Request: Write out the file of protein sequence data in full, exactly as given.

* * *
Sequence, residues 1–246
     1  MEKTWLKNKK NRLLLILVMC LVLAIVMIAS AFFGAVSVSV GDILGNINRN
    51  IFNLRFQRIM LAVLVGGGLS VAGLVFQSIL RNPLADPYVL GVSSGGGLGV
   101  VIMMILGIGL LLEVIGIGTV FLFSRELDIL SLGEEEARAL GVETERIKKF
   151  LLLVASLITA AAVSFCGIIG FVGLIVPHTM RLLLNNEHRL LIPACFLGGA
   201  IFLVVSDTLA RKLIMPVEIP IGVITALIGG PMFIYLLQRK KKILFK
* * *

Sequence, residues 1–246
     1  MEKTWLKNKK NRLLLILVMC LVLAIVMIAS AFFGAVSVSV GDILGNINRN
    51  IFNLRFQRIM LAVLVGGGLS VAGLVFQSIL RNPLADPYVL GVSSGGGLGV
   101  VIMMILGIGL LLEVIGIGTV FLFSRELDIL SLGEEEARAL GVETERIKKF
   151  LLLVASLITA AAVSFCGIIG FVGLIVPHTM RLLLNNEHRL LIPACFLGGA
   201  IFLVVSDTLA RKLIMPVEIP IGVITALIGG PMFIYLLQRK KKILFK